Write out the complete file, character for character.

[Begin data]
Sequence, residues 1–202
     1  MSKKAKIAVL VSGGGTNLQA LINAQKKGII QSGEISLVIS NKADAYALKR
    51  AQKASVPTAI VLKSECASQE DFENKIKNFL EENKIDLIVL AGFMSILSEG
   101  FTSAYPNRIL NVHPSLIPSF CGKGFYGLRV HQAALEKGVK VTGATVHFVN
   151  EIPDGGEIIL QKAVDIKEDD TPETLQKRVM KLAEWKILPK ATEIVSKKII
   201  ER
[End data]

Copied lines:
Sequence, residues 1–202
     1  MSKKAKIAVL VSGGGTNLQA LINAQKKGII QSGEISLVIS NKADAYALKR
    51  AQKASVPTAI VLKSECASQE DFENKIKNFL EENKIDLIVL AGFMSILSEG
   101  FTSAYPNRIL NVHPSLIPSF CGKGFYGLRV HQAALEKGVK VTGATVHFVN
   151  EIPDGGEIIL QKAVDIKEDD TPETLQKRVM KLAEWKILPK ATEIVSKKII
   201  ER